Healthcare Thoughts

It has been great to follow and engaged online via Twitter – and great live-streaming  – with participants of World of Health IT (WoHIT) 2016 in the historical city of Barcelona. And what a great team of active Ambassadors they had on site keeping the channels of communication open to all! From Stefan Buttigieg (@stefanbuttigieg) to Danielle Siarri (@innonurse) I could almost taste the great food they enjoyed!

From genomics to cybersecurity, and much more besides, this huge and successful inaugural exhibition in Barcelona advances the conversation

I hope to attend in person in future years of WoHIT but in the meantime, I hope to see many of you in Malta for eHealth Week 2017!

 

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Next week – May 12th at 6pm CET,  I’ll be joining an HIMSS Europe & SKIPR organised Twitter chat (using the official Hashtag: #eHealthChat) entitled “Up-scaling health-IT: time to break the bottleneck“.

Voices across Europe will be discussing Trust and Standards. It’s one of the main themes of eHealth Week in Amsterdam in June (Read more and register here!).

From the patient’s perspective, both Trust and standards are critical if you want to move forward with eHealth

From the trust perspective, we can’t go beyond niche adoption without that by participants. Clinicians need to trust it, and patients too. And legislators, public health monitoring etc. It would be foolish to do that even if somehow people did go forward without confidence. Security is critical. Arguably clinical data is the most sensitive and the volume generated is growing year on year as we strap more instruments to ourselves, aim for paperless, and connect the machines and systems together.

And where do I start with Standards?!

Interoperability – or the lack of it right now – is the biggest issue for me to date. Time and time again we hear of brilliant innovations, and trials here and there. but nothing hooks together. It’s a problem within one urban area, it’s a probably nationally, and , frankly, as far as I’ve witness, somewhat non-existent at a multinational, european level.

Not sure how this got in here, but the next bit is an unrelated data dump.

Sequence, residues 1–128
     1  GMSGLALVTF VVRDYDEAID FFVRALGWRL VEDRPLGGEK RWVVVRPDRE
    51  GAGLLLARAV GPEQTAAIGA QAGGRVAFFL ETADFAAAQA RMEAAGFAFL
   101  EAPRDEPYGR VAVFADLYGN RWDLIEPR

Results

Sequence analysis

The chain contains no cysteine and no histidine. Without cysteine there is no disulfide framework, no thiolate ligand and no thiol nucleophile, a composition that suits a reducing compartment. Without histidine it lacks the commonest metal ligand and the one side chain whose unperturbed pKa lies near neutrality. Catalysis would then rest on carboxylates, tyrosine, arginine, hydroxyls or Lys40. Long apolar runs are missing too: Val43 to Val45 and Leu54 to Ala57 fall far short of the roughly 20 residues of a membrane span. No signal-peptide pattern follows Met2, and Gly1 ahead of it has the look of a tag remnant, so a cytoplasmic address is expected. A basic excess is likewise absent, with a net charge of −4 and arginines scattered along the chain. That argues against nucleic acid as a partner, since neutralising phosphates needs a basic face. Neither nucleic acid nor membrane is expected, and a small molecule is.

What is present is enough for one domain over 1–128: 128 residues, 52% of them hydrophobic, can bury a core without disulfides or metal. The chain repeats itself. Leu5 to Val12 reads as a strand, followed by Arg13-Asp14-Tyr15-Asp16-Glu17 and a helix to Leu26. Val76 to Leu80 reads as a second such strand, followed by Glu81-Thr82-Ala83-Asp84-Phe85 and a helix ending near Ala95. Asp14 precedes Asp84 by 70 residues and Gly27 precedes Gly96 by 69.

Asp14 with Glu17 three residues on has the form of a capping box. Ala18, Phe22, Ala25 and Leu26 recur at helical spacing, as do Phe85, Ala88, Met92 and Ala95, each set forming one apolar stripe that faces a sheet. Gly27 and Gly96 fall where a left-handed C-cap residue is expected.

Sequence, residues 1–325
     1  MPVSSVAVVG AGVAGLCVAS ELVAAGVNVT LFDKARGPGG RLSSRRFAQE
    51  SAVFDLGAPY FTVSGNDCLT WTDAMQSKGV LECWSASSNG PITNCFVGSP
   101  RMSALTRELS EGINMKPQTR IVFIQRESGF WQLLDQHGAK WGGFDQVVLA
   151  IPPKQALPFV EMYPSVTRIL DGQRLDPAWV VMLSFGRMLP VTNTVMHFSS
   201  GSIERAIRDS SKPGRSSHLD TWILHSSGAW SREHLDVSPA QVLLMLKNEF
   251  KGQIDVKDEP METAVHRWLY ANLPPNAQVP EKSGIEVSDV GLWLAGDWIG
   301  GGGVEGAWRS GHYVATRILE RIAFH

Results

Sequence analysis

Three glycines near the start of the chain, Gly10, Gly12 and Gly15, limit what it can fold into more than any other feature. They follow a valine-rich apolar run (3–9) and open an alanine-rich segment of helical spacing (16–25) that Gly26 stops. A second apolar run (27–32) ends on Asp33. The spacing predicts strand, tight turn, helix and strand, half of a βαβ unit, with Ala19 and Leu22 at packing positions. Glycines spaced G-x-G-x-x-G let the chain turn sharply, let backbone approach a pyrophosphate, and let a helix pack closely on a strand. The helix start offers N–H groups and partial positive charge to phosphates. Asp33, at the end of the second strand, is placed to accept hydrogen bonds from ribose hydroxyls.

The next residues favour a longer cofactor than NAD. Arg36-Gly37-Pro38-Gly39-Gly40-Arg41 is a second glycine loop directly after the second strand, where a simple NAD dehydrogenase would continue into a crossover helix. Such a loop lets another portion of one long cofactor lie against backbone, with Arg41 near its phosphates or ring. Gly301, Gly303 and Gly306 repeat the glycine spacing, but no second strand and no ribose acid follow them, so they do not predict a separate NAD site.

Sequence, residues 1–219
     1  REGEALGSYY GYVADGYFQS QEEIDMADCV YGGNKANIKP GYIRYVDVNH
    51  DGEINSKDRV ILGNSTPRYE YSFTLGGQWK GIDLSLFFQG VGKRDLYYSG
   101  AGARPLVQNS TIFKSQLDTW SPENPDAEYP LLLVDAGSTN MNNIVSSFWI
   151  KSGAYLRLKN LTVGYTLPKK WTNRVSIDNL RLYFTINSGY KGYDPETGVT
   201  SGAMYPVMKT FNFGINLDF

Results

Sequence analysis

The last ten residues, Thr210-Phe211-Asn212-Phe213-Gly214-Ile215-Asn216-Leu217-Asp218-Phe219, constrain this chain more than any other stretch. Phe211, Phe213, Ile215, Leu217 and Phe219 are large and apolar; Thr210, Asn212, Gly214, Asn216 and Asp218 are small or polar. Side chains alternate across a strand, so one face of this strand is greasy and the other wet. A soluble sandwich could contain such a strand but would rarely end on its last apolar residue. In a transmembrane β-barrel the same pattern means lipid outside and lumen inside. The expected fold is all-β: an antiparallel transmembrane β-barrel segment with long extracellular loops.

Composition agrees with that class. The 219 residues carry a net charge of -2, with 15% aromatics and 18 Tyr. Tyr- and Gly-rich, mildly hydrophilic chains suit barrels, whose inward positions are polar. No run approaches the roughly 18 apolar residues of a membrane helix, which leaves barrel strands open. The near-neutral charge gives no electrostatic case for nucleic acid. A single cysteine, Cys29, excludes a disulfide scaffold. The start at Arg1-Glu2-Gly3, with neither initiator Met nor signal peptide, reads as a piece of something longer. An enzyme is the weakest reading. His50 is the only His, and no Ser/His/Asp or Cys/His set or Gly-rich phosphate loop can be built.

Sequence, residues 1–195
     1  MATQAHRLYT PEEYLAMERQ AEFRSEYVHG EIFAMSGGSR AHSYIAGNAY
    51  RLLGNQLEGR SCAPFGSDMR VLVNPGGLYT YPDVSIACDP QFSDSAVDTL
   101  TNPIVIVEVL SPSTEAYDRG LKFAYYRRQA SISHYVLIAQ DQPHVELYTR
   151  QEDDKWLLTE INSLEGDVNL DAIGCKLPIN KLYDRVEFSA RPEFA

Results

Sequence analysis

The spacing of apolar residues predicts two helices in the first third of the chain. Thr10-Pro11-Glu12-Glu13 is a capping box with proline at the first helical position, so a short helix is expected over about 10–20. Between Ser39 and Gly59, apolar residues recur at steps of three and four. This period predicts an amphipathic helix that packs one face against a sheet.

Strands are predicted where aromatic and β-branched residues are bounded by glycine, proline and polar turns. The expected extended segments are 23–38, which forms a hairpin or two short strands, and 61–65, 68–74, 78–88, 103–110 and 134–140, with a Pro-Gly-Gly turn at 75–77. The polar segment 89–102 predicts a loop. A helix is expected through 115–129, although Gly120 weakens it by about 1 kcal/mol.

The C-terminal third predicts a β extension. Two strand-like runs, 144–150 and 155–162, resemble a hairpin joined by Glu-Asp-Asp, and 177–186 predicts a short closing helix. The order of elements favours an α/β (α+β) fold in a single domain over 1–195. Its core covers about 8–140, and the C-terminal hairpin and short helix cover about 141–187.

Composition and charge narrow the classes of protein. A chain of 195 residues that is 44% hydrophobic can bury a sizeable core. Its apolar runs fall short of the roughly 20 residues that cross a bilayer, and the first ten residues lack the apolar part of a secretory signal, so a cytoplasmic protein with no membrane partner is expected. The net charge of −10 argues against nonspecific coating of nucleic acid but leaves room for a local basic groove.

Furthermore  ‘wellbeing’/’fitness’ solutions such as platforms provided by Apple, Google,Microsoft,  Samsung, Withings (soon-to-be-Nokia), Fitbit, etc, to name but a few, don’t always have common great experience with interoperable standards of their own and for now remain relatively distinct from clinical data.

I keep going b ack to one, probably erroneous analogy, but one that resonates for me: If the world of Finance can do it – individua accounts, globally, networks of cash machines, credit cards, merchants etc, why can’t medicine? The answer is: We can. Let’ make it happen!

I’m impatient and keen to see more integration. It’s not there for technical but also legal reasons. Often for good reasons. But a great discussion on how to move forward on this seems smart and a great reason for this chat!

Join us, on May 12th, at  6 PM CET (5 PM GMT / 12 PM EST / 9PST). It’s in English and moderated by the excellent minds of Christina Roosen, VP, Public Affairs, HIMSS Europe (@croosen @himsseurope ) and Ruud Koolen, Editor in Chief, Skipr, @Ruud_Koolen / @skipr

Oh and don’t forget to use the Official Hashtag: #eHealthChat !

See you there!

William

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This post was written for, and published by, HIMSS Europe on the 11 March 2016, in the run up to eHealth Week 2016 in Amsterdam. 


The kind of healthcare innovations we find ourselves discussing today are a natural extension to the never-ending innovation medicine has always been about. Always learning, always improving for the betterment of the health and comfort of the people it serves.  An extension from diagnosis and treatment into an even increasing focus of prevention, and better management of the condition. Ignoring this continued innovation, the opportunities to transform the daily lives, at some point and to varying degrees, of hundreds of millions of European citizens would be tragic.

At eHealth Week in Amsterdam, organised by HIMSS Europe, the Dutch Ministry of Health and the European Commission I’m confident we’ll see the fruits of much innovation.

For those who have infrequent interactions with the health service, current healthcare delivery probably seems  OK, but even within this ‘silent majority’, there remains scope for each and every one of us to be better taken care of and for opportunities for preventative or early warning of need for care to interject. Innovative solutions to improve education through communication is hugely important too for public health.

Even if occasional, there is also probably a better way, to say nothing of the economic impact, than the disruption of organising and making the visit to your General Practitioner or other clinician to get a relatively simple issue addressed. And for those of us with more complex medical needs, the opportunities for transformation seem truly open-ended, given how little has changed – from the patient’s perspective – since the dawn of the connected phone, the internet and consumer-focused technology more broadly.

As much as human contact is important – looking into the eyes of your doctor inherently reassures and will have certain advantages for the clinician too, there must surely be scope for technology to replace some of this in-person interchange.

The fear of the unknown shouldn’t blind us from the problems of today

We also shouldn’t be too starry-eyed about the current level of interaction we are able to have with doctors. Intermediaries: administrative personnel or other clinical support team are often part of the picture and access and data doesn’t flow flawlessly or without error. The financial and resource pressures on systems across Europe to sustain the existing delivery models will only increase.